Herein, VFe-MOFs with well-defined arrays supported on nickel foam (termed as VxFey-MOF@NF, where x and y are the molar ratios of V and Fe in the initial reactant) have been prepared through an ultrasound and solvothermal synthesis method. The VFe-MOF@NF displayed uniform arrays in shape, which can provide effective charge transport and mass transport. The partial electrons are transferred from V2+ to Fe2+ through the O of the ligands after combination of V2+ and Fe2+, which can weaken the excessive adsorption capacity of Fe2+ on OH, and enhance the adsorption capacity of V2+ on OH, accelerating the charge transfer and mass transfer, and synergistically increasing the activity of OER. Among the as-fabricated samples, VFe-MOF@NF electrode exhibits excellent electrocatalytic activity and durability for OER and HER in alkaline electrolyte. Moreover, when two identical VFe-MOF@NF electrodes were used as both the anode and cathode in a two-electrode electrolyzer, it requires only a cell voltage of 1.61 V to reach a current density of 10 mA/cm2, which is better than the analogues of V-MOF@NF and Fe-MOF@NF electrocatalysts.

N, N-Dimethyl formamide (DMF, A.R.), ethyl alcohol (A.R.) and triethylamine (TEA, A.R.) were purchased from Beijing Chemical Works. FeCl2·4H2O (A.R.), VCl2 (A.R.) and benzenedicarboxylic acid (BDC, A.R.) were obtained commercially from Sigma-Aldrich Corporation. All materials have not been further purified before use.

DMF (64 mL) was mixed with ethanol (4 mL) and deionized water (4 mL) in a polytetrafluoroethylene tube (Specification: 100 mL), followed with the dispersion of BDC (1.5 mmol). After that, 0.75 mmol of FeCl2·4H2O and 0.75 mmol of VCl2 (or 0.375 mmol FeCl2·4H2O and 1.125 mmol VCl2; 1.125 mmol FeCl2·4H2O and 0.375 mmol VCl2)were dissolved into the mixture solution above. After stirring of 5 min, TEA (1.6 mL) was added into the solution and further being stirred for another 10 min. Then, a piece of Ni foam (NF, 2×3 cm) was introduced into the solution above, which was then ultrasonically shocked (40 kHz) for 6 h. Next, the solution with NF was transferred to an autoclave and kept at 140 ℃ for 12 h for solvothermal reaction. After cooling down to room temperature, the MOFs@NF were taken out from the autoclave, washed alternately with ethanol and deionized water 3 times to remove the soluble chlorides and organic solvents, and then freeze-dried for 24 h. The obtained samples loaded on NF were marked as VFe-MOF@NF, V3Fe-MOF@NF and VFe3-MOF@NF according to the molar ratio of V and Fe in the initial reactant. Meanwhile, V-MOF@NF and Fe-MOF@NF was made based on the same way with only one metal salt (1.5 mmol VCl2, or 1.5 mmol FeCl2·4H2O, respectively). In addition, to calculate the loading density (LD) of the as-prepared materials on the Ni foam, pure Ni foam was obtained in the same way without any metal salt.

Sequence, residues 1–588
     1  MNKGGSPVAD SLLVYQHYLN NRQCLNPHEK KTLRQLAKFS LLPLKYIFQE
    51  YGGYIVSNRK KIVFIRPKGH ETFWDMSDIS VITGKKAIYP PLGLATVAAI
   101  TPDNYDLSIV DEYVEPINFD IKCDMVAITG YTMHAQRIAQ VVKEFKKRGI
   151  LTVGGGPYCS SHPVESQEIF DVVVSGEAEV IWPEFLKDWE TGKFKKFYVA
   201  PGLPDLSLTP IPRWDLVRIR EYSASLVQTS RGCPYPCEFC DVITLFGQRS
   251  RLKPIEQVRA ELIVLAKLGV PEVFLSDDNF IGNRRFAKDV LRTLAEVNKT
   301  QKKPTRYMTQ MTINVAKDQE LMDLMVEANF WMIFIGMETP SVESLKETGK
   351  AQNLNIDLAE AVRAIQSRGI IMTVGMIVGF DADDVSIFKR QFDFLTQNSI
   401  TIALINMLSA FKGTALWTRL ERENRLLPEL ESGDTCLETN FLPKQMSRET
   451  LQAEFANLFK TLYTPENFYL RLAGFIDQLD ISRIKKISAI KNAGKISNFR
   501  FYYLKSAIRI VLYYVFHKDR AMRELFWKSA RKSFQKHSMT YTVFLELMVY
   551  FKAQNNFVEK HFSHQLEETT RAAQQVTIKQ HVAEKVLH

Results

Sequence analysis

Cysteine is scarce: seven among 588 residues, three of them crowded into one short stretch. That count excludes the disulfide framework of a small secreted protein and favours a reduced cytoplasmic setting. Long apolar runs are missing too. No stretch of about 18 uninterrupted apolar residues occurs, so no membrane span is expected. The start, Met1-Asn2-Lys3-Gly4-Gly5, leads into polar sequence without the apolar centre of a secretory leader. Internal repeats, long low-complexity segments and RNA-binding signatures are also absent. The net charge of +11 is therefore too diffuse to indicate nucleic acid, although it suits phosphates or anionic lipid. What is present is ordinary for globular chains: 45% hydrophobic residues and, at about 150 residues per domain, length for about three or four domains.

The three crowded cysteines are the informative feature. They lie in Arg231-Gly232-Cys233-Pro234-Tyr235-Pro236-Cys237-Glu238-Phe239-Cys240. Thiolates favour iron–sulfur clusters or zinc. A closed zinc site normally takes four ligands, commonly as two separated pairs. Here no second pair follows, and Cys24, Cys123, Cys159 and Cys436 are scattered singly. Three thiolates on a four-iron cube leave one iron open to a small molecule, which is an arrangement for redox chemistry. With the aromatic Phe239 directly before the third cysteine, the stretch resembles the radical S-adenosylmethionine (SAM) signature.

Electrochemical measurements in this communication were carried out in 1 mol/L KOH on a Princeton PMC 1000 & 500 electrochemical workstation. It used a three-electrode configuration that was comprised of working electrode (WE, MOFs@NF, 1 cm×1.5 cm), reference electrode (RE, Ag/AgCl) and counter electrode (CE, graphite rod). The as prepared nickel foam loaded MOFs is cut into a film with a size of 1 cm×1.5 cm and used as a working electrode directly. Besides, RuO2@NF was prepared for comparison. The preparation method of RuO2@NF electrode is consistent with our previous work [28]. The loading density (LD) refers as VxFey-MOFs loading of mass per unit area of nickel foam. The LD is defined as the following equation, LD = (Me-M0)/S×100%. Here, the Me and M0 represent the weight of the MOFs@NF and pure Ni foam, respectively, S is the area of the Nickel foam. After calculation, the loading density of the VFe-MOFs on the nickel foam is about 0.742 mg/cm2. The applied potentials in this study were calibrated against and converted with respect to the reversible hydrogen electrode (RHE, ERHE = EAg/AgCl + 0.059 pH+0.197 V). The linear sweep voltammetry (LSV) was performed at 5 mV/s with 90% iR-compensation for the polarization curves. The electrochemical active surface areas (ECSA) of the catalysts were tested by cyclic voltammetry (CV) from 0.05 V to 0.15 V vs. Ag/AgCl with different scan rates. In addition, the electrochemical impedance spectroscopy (EIS) technique (The test voltage is approximately the potential at a current density of 10 mA/cm2. In this work, the actual test voltage for EIS is 0.47 V vs. RHE) was carried out at corresponding potentials from 0.1 Hz to 100 kHz to assess the charge-transfer resistance of the obtained samples. The full water-splitting test was performed in a two-electrode system, and two symmetrical catalyst electrodes were used as the anode and the cathode, respectively.